The area under this PV curve is zero – no work is done here. It's useless. Well, for work.

One final example: In which case do you think we're doing more work?

The area under the second PV diagram is much larger, suggesting that a lot more work is required to reach the larger volume under constant pressure. There's a special name for work under constant pressure like this: isobaric.

When pressure remains constant, we have an isobaric process. This makes our calculations easy-peasy, because we can apply the first law of thermodynamics without having to do any calculus, just W = -PΔV and ΔU = W + Q.

The process in the first example we discussed, with constant volume while the pressure changes in the gas, is called an isovolumetric or isochoric process. Now give us a second to untie our tongue.

Okay. We already determined that W = 0 in such a volume-saving process, so ΔU = W + Q simplifies to ΔU = Q.

We could also change the volume of a gas while keeping the temperature constant. This is an isothermal process (not to be confused with thermal underwear). Since the temperature reflects the internal energy of the gas, or how fast the molecules of the gas are moving, ΔU = 0. In this case, ΔU = W + Q simplifies to W = -Q.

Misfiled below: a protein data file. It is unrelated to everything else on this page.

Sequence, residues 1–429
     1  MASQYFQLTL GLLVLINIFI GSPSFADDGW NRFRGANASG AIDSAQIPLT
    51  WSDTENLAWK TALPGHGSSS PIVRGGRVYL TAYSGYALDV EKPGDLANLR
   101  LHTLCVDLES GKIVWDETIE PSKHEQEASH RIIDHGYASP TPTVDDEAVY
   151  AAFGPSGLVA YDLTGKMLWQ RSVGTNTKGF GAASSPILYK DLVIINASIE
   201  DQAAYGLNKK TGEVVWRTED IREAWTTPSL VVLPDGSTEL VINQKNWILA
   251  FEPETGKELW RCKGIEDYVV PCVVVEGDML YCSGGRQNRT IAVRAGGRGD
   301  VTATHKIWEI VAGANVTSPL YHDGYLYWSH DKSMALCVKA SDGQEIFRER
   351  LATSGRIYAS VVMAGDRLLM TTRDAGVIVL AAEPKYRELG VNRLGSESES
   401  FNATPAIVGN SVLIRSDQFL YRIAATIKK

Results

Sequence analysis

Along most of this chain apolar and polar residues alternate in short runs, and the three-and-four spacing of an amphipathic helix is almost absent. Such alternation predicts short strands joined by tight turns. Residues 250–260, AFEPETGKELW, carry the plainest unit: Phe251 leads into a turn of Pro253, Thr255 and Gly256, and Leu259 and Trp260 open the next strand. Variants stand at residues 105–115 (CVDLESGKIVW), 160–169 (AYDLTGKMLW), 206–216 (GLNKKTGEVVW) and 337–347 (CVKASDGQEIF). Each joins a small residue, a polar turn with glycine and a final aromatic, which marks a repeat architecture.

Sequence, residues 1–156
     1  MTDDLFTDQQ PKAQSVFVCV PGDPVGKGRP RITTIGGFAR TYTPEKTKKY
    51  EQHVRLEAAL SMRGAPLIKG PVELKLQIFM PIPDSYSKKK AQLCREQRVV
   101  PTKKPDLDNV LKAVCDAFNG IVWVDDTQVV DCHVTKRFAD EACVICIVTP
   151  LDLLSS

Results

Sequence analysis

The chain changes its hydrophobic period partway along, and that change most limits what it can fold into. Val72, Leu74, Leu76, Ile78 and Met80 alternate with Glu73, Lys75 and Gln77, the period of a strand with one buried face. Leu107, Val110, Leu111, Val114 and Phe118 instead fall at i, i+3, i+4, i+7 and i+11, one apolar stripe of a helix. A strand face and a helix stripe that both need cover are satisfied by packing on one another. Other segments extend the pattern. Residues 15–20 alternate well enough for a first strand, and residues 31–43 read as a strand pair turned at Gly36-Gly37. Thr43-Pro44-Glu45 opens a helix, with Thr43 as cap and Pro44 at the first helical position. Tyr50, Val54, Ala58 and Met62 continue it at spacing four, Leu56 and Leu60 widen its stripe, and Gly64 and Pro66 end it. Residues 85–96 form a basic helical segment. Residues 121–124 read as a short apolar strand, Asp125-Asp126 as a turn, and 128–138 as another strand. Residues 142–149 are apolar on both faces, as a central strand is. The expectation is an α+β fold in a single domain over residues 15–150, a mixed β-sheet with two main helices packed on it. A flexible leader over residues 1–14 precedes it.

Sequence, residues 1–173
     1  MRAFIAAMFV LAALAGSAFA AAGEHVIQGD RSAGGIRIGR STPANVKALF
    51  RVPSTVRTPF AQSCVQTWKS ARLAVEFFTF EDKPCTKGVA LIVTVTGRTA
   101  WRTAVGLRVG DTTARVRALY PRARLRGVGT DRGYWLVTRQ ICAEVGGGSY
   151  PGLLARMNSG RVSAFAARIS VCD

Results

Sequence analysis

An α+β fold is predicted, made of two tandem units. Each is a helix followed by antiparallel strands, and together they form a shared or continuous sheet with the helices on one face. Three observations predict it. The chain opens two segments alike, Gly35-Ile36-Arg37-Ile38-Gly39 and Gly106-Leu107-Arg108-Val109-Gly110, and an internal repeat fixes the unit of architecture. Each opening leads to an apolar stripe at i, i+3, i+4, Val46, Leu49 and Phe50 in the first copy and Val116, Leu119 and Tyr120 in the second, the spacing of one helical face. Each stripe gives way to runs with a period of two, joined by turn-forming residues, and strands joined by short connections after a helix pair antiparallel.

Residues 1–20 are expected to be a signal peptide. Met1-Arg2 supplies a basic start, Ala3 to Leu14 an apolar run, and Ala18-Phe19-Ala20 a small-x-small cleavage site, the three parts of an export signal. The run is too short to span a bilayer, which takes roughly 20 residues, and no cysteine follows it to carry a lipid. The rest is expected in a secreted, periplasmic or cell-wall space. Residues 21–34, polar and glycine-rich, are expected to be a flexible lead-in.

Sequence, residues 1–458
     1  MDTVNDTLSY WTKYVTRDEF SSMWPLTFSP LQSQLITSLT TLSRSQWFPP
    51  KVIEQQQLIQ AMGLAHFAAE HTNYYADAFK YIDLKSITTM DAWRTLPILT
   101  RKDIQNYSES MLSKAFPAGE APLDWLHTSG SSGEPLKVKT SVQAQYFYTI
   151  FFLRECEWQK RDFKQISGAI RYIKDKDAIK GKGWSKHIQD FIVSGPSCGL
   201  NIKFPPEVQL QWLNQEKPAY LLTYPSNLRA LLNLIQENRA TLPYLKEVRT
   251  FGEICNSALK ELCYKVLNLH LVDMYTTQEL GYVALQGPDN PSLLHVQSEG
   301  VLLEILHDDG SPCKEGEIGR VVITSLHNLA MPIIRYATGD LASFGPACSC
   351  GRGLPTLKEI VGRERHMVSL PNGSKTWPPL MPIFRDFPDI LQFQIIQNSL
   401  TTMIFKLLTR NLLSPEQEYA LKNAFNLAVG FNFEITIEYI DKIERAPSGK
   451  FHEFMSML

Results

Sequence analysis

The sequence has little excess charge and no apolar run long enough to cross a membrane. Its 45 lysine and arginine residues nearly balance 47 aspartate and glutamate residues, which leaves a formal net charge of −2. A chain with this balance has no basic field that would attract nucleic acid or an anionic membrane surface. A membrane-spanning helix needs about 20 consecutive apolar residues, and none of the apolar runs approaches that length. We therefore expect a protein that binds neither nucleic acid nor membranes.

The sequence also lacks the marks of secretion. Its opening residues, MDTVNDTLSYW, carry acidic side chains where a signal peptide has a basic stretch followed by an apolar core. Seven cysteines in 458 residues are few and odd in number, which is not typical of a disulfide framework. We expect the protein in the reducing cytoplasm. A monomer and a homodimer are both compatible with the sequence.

All of the work done on this type of system is transferred into heat, Q. Calculating the amount of work for this case requires a fancier equation than the others. It is , where n is the number of moles of gas, R is the gas constant, T is temperature, and V is volume. It left the top hot and monocle at home, though.

Lastly, a process can also be adiabatic. In this case, there is no exchange of heat between the gas and the environment (which means there's some kicking insulation installed),, so Q = 0 and ΔU = W + Q, which simplifies to ΔU = W. Nice, nice. We can then determine the work itself by . Again, this is for adiabatic processes only. Try to use this equation on a diabatic process, and it'll go into diabatic shock.

Common Mistakes

There are two ways to write the first law of thermodynamics. The way we wrote it, ΔU = W + Q, follows a sign convention where work done by the system is negative. Some textbooks will write the first law as ΔU = QW. In this case, work done by the system is positive.

In both cases, heat, Q, is positive when it is put into the system and negative when it leaves the system. Be sure to put in the work to know what kind of work you're doing, or you'll be working overtime to fix your mistakes.